Autonomous cars are in the headlines every day these days, with several manufacturers working to have such vehicles hit the road in the next five years.
While electric car maker Tesla is careful to say its Autopilot feature is not (yet) autonomous, it is very sophisticated compared to anything else currently in the market. Tesla chief Elon Musk even promised that cars currently in production would already have the hardware capable of self-driving, ready to be switched on whenever the software and government regulations allow it.
Musk also said publicly late last year that a Tesla car, as a demo, would self-drive from Los Angeles to New York City by the end of 2017 – although it’s not currently known whether this deadline is on track to be achieved.
I was fortunate enough to recently drive a top-of-the-range Tesla for a trip from Sydney to Orange in the central west of NSW. I tested the Autopilot feature thoroughly over the 520km return journey and found the experience unnerving at first — then comforting.
Tesla lent me the Model S P100D all-wheel drive, which had only done about 250km when I took possession. The Model S is the sportier shape compared to its other Model X, which is a taller SUV. The cheaper Model 3 is not yet available in Australia.
This Model S featured the ludicrously named “Ludicrous Mode” that allows acceleration from 0 to 100km/h in just 2.7 seconds, which makes it pretty much the fastest car a normal consumer can buy. With options added on, the particular Model S I drove was worth about $300,000 out of the showroom.
The Tesla has a radar that is always keeping track of objects around it, regardless of whether Autopilot is on or not. The driver’s dashboard graphically shows what the car detects, as well as whether the car is picking up lane markings.
The car also uses map data to work out what speed limit the current road has, which is very handy for general driving but obviously essential when Autopilot is activated.
Adaptive cruise control
Tesla cars, provided you purchase the add-on software, come with what it calls “adaptive” cruise control, which is a bit like a “halfway” Autopilot.
Like traditional cruise control, you set the speed at which the car should go — but the computer is sophisticated enough to slow down when you’re getting too close to the car in front or if you’re going downhill and in danger of exceeding the speed limit.
It’s ideal for using on motorways that have some competing traffic because you don’t have to deactivate the cruise control every time you encounter a cluster of cars. The feature makes conventional cruise control, which can only accelerate and not brake, seem absolutely primitive.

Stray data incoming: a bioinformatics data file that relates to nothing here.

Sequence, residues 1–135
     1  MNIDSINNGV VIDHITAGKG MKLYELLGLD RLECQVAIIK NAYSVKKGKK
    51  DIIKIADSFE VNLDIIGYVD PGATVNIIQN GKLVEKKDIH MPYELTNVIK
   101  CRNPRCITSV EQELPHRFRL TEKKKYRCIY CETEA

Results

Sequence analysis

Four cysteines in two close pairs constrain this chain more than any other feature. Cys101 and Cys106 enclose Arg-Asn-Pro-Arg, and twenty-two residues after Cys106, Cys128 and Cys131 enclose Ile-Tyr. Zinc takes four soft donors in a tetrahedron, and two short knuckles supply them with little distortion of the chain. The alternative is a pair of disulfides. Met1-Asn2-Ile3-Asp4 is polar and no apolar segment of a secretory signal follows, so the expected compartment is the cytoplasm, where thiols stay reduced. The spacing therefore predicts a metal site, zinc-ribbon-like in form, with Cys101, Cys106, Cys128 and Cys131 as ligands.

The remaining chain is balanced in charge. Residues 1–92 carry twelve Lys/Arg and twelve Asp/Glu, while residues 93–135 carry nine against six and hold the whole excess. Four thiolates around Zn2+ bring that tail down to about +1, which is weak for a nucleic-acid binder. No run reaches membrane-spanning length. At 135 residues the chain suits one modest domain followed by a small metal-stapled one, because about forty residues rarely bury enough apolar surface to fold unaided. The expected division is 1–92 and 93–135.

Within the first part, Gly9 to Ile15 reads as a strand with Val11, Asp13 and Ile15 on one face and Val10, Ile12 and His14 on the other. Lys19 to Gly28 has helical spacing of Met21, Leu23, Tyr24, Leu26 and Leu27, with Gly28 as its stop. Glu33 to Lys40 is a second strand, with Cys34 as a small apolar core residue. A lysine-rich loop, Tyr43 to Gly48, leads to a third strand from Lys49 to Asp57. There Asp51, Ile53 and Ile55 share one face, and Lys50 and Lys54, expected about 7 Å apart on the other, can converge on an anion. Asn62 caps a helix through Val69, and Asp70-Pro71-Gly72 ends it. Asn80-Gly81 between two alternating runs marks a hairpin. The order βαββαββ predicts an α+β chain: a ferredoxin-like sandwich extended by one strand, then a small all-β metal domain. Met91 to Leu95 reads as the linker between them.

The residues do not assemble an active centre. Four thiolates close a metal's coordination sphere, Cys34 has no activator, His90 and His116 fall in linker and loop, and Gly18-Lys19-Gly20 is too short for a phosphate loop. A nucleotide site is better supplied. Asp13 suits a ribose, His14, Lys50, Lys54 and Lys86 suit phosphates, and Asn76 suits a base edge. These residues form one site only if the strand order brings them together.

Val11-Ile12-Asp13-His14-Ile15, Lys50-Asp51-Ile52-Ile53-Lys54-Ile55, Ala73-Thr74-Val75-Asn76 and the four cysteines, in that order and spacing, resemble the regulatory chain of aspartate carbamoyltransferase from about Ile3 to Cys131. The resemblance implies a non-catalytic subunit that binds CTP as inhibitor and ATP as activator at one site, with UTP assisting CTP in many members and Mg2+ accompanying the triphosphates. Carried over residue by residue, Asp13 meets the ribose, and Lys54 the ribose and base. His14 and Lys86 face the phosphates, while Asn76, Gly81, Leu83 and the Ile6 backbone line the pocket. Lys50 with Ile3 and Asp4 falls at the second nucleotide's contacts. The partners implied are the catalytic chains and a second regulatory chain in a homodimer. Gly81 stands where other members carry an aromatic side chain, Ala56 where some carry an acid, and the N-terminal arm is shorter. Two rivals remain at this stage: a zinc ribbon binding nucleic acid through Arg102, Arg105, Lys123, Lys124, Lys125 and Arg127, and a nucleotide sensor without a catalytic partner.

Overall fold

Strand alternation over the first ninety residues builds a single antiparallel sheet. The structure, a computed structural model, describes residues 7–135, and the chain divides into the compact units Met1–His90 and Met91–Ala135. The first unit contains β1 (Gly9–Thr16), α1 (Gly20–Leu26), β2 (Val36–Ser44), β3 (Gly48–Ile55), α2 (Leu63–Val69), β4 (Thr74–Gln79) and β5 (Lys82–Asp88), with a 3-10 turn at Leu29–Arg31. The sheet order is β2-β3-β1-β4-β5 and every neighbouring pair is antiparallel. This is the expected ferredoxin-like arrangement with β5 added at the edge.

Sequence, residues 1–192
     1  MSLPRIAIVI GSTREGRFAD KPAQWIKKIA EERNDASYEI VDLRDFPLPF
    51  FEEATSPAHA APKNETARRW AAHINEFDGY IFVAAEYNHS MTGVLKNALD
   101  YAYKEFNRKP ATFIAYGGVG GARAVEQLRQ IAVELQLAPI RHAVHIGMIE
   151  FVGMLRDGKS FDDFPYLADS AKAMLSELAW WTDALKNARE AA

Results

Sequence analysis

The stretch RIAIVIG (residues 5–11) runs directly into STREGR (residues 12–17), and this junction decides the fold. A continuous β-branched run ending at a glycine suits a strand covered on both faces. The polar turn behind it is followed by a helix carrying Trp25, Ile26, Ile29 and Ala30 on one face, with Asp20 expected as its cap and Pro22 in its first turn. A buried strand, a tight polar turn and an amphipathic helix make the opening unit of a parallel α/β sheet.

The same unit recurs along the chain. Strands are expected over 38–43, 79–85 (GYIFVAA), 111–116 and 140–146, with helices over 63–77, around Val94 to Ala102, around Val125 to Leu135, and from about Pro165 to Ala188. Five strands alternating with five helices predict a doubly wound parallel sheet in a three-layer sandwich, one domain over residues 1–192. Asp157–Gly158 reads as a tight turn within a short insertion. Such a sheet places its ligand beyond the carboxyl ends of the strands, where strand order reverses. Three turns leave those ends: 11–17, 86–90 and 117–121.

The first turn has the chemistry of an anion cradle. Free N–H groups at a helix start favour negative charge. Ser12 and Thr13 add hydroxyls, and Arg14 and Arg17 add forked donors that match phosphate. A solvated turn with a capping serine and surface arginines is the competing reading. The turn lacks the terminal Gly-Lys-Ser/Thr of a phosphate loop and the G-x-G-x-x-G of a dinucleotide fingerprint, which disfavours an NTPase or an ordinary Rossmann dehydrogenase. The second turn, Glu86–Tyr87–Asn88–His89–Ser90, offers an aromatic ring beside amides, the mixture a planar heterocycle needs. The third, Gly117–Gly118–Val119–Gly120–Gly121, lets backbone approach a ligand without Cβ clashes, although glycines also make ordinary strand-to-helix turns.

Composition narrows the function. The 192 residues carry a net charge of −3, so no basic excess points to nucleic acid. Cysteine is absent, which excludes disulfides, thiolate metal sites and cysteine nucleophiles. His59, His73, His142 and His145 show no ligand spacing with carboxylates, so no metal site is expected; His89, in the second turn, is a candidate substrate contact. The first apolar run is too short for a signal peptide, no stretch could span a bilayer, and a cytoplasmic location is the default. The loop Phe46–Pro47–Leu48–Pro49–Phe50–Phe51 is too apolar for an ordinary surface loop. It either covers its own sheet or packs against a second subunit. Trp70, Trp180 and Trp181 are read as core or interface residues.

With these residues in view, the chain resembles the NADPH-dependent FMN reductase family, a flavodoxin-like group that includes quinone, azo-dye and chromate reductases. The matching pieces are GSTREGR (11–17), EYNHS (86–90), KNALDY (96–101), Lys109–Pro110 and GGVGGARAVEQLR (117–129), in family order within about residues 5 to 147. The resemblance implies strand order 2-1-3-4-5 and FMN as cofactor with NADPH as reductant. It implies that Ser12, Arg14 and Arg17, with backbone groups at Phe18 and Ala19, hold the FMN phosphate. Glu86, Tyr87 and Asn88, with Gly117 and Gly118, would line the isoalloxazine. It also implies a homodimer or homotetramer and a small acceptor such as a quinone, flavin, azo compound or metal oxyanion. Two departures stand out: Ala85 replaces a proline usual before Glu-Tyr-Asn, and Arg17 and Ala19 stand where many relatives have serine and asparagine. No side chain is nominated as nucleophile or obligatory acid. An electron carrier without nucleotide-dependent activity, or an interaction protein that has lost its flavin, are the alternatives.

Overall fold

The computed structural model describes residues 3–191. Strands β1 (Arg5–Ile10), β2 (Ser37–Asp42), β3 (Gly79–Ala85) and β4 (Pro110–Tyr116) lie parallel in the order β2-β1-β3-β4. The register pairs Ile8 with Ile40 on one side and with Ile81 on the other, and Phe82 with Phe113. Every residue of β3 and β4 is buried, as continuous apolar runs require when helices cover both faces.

For people a bit nervous about Autopilot this is a nice compromise.
Autopilot is not available all the time
Before the Autopilot is even available to be switched on, the Tesla’s radar and computer must be satisfied that it is safe to do so. The main criteria are that the car is on a motorway (as local roads, with all its obstacles and stop-start nature, are not yet suitable for the feature) and that the car can clearly pick up the lane markings.
When the prerequisites are met, the dashboard indicates Autopilot is available. I first switched it on in a 110km/h zone on the M4 motorway in western Sydney. The car started controlling the acceleration, braking and steering by itself.
“Isn’t that amazing? Our kids’ generation will think it’s ridiculous that we had to drive our own cars,” said my wife.
Because it is not a fully autonomous system, the driver must keep their hands on the steering wheel. The Tesla actually keeps track of this and sets off warning beeps if it detects the hands have been removed for too long.
Autopilot is slightly terrifying when you first activate it, just from the fact that it goes against every instinct and muscle memory you’ve been taught about driving.
The feature is also terrifying for defensive drivers like me that like to keep a good distance away from the car in front. Even though you can adjust how much space you want Autopilot (and adaptive cruise control) to maintain, even at the highest setting I felt uncomfortable at how close I was to the vehicle in front – especially travelling in excess of 100km/h.
However, you start to get over that feeling after you see Autopilot perform. You have to trust that the car’s computer has far better reaction times than a typical human, so it doesn’t necessarily need the extra space.
As soon as the conditions are not right for Autopilot – like if it’s having trouble detecting lane markings or highway conditions have ended – the Tesla alerts the driver to take control again.